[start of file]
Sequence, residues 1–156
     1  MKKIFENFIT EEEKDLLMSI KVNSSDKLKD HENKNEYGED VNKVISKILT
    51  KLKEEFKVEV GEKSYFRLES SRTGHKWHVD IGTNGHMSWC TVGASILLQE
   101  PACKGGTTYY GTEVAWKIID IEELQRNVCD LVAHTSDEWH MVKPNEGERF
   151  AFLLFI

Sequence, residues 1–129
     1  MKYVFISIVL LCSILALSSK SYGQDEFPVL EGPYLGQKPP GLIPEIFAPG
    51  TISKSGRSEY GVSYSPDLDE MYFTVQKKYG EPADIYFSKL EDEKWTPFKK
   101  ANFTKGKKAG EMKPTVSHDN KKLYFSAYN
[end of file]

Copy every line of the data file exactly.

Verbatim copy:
Sequence, residues 1–156
     1  MKKIFENFIT EEEKDLLMSI KVNSSDKLKD HENKNEYGED VNKVISKILT
    51  KLKEEFKVEV GEKSYFRLES SRTGHKWHVD IGTNGHMSWC TVGASILLQE
   101  PACKGGTTYY GTEVAWKIID IEELQRNVCD LVAHTSDEWH MVKPNEGERF
   151  AFLLFI

Sequence, residues 1–129
     1  MKYVFISIVL LCSILALSSK SYGQDEFPVL EGPYLGQKPP GLIPEIFAPG
    51  TISKSGRSEY GVSYSPDLDE MYFTVQKKYG EPADIYFSKL EDEKWTPFKK
   101  ANFTKGKKAG EMKPTVSHDN KKLYFSAYN